We know the path to success doesn’t always go smoothly, so we asked our lecturers about the ups and downs on their path to the University of Brighton. Today it’s Criminology lecturer Dr Hannah Thurston, who says: “I was the first in my family to come to university… I enjoyed the independence, of moving out and having more control over what I studied.”
What were you like at school? Were you a diligent pupil?
“I’ve always been a bit of a nerd so yeah, I was pretty diligent. I think it’s because I’m quite nosy! I enjoy learning about other people’s lives, so all the subjects which allowed me to do that appealed to me. I do struggle to stay focussed sometimes though. I was (and still am) a student that prefers to learn visually so reading takes me ages!”
I do struggle to stay focussed sometimes. I was (and still am) a student that prefers to learn visually so reading takes me ages!
Why did you decide to go to university?
“If I’m completely honest, I don’t really know why I decided to do a degree. I was the first in my family to come to university, so I can’t say I had any ‘expectations’ as such. I had done a foundation course in Art and Design and I enjoyed the independence, both in terms of moving out and having more control over what I studied. I guess that was the main reason I wanted to do a degree, to keep that independence and to keep learning.”
How did you decide which subject to study?
“I originally accepted a place on a Fine Art Course. I only decided to do a BA (hons) in Criminology and Psychology in clearing. I’d done a bit of psychology at school and really enjoyed it. Plus, the artwork I produced in my foundation year was all about social stigma and labelling. I’ve always been interested in how and why society constructs ‘difference’ and ‘deviance’ so I felt like criminology was a good fit.”
I’ve always been interested in how and why society constructs ‘difference’ and ‘deviance’ so I felt like criminology was a good fit.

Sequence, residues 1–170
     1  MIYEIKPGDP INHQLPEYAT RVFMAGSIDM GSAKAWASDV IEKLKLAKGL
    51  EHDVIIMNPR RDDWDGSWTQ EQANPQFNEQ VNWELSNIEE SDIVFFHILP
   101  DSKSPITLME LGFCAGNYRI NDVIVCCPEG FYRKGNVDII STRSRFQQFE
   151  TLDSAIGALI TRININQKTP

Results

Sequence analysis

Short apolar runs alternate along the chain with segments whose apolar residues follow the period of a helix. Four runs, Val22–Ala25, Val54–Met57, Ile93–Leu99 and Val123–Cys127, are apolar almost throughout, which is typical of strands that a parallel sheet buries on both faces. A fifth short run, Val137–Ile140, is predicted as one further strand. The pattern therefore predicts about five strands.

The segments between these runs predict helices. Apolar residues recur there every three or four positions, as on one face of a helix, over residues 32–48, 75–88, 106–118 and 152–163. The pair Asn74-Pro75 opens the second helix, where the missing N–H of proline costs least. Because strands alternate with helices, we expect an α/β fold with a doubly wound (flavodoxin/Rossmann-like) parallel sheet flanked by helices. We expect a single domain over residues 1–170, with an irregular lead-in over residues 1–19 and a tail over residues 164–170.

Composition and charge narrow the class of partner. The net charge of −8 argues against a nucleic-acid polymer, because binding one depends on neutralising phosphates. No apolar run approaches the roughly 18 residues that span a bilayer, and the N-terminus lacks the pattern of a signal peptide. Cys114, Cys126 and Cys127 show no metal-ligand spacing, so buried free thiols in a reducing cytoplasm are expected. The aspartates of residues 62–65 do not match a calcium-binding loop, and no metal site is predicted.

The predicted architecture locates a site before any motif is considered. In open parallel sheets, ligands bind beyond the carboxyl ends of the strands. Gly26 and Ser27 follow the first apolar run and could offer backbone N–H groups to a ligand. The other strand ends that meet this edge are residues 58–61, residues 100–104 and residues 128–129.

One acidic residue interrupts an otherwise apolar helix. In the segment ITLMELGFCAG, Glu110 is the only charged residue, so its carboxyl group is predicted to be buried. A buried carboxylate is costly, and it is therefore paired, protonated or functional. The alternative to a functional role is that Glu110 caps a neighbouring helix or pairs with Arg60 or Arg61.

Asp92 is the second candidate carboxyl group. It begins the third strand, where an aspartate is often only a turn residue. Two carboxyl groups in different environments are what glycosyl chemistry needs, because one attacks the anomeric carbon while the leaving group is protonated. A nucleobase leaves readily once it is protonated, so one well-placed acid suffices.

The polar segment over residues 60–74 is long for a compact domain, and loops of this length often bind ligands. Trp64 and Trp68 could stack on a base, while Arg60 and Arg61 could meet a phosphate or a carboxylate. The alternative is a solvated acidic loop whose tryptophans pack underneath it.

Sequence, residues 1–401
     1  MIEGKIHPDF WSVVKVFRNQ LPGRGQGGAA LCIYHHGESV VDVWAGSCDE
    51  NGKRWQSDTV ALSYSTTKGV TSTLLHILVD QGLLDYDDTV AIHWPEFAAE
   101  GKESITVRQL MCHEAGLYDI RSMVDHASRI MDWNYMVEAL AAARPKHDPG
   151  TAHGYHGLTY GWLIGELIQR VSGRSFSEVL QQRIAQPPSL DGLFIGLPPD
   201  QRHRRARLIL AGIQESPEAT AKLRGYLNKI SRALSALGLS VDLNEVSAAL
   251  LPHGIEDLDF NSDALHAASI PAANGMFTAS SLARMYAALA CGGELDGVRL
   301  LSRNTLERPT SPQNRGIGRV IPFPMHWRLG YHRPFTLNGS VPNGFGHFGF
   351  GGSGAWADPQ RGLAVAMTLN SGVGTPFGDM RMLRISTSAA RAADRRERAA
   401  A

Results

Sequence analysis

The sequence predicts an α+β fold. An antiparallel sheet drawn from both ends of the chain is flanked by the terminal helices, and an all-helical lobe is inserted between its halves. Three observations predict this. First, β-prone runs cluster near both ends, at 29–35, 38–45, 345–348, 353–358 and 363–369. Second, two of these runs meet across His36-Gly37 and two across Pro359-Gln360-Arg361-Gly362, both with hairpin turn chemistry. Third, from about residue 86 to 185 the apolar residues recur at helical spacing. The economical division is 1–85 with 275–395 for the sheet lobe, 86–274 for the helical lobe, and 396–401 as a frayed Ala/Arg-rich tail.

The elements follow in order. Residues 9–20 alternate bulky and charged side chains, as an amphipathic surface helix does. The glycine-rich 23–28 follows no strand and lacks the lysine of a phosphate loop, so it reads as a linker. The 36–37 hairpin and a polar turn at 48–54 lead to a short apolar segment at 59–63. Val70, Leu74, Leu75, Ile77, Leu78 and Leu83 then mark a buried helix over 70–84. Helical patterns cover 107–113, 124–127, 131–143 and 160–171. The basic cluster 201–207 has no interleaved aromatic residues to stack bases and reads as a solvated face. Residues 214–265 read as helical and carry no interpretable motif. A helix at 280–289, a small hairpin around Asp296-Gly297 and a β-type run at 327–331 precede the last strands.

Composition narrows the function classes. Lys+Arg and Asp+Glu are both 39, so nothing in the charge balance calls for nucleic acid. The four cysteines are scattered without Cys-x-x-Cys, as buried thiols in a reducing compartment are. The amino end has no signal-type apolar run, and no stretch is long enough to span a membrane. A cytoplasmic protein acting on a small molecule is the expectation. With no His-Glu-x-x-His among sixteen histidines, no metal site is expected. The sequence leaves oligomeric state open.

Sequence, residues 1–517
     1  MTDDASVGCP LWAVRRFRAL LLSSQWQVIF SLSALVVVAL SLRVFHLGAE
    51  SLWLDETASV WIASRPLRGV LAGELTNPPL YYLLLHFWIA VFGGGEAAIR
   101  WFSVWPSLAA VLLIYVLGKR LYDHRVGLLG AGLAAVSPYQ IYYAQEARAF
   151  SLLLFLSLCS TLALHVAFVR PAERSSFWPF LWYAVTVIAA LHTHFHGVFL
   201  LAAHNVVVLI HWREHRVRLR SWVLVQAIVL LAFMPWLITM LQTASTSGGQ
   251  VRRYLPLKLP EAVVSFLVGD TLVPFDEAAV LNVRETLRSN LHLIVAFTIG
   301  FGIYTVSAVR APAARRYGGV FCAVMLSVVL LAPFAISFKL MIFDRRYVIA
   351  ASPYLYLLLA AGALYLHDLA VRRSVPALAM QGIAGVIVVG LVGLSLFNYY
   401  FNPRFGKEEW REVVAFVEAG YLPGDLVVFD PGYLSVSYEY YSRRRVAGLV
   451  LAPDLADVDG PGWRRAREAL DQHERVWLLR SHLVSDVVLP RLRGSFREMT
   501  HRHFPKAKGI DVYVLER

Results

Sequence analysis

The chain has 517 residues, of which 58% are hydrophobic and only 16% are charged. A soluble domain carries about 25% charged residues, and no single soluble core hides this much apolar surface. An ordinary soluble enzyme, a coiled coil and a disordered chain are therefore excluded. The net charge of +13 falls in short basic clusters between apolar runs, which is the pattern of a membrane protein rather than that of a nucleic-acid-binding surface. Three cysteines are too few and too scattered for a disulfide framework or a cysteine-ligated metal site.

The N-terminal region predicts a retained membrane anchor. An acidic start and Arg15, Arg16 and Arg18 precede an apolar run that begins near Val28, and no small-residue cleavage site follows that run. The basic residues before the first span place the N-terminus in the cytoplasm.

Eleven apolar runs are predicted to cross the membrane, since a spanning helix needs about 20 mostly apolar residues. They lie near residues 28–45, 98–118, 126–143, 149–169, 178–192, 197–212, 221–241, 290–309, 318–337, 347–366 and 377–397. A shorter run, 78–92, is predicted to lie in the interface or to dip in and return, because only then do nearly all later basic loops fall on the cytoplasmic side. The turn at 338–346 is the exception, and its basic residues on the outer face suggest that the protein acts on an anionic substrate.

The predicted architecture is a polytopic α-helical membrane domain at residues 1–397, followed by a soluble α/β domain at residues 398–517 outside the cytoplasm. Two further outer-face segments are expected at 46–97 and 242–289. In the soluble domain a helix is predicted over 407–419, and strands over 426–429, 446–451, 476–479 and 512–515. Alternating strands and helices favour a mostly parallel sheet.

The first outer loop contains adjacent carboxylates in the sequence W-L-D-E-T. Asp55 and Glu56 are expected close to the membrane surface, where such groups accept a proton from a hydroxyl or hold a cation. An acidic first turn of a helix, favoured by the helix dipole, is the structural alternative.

What did you do after graduation and why did you choose that path?
“I went straight onto an MA in Criminology, where I developed my interest in penal policy and punishment. My dissertation involved interviewing people in Lewes Prison and then my PhD allowed me to research the death penalty and mass-incarceration. There were a few decent jobs offers along the way, but academia was always my preferred path – I know its cheesy, but I honestly do just love learning and teaching!”
Tell us about any career highs… and any lows you want to share too!
“Every year graduation is a proper highlight for me! I absolutely LOVE to see my students walking across the stage, collecting their awards. They have often been on a real journey while they’re with us – both personally and academically – and that degree is a such an amazing achievement. I also went to Texas for 6 months to do my PhD research, and I gave a speech about prison reform at Westminster. that was pretty good.”
Every year graduation is a proper highlight for me! I absolutely LOVE to see my students walking across the stage, collecting their awards
At what point did you decide that you wanted to teach others?
“I taught a fair bit during my PhD, and quickly realised it’s not just criminology we teach. A great bit of the job is helping students learn the skills they need to become critical thinkers, able to challenge taken-for-granted knowledge which so often reproduces inequality. I think it was when I realised I could help people do that, to challenge what is wrong in the world, that’s when I really appreciated how lucky I am to do this job.”
Was there ever a point where you doubted yourself – where you felt that you weren’t going to achieve your goals?
“Absolutely! We all experience self-doubt from time to time, and we all have goals we don’t quite manage to achieve. Sometimes I can pinpoint what went wrong and learn from it, other times it’s not so easy. I’ve overcome a few hurdles here and there, and I’m really proud of what I’ve achieved in my life. It’s all about getting the balance right!”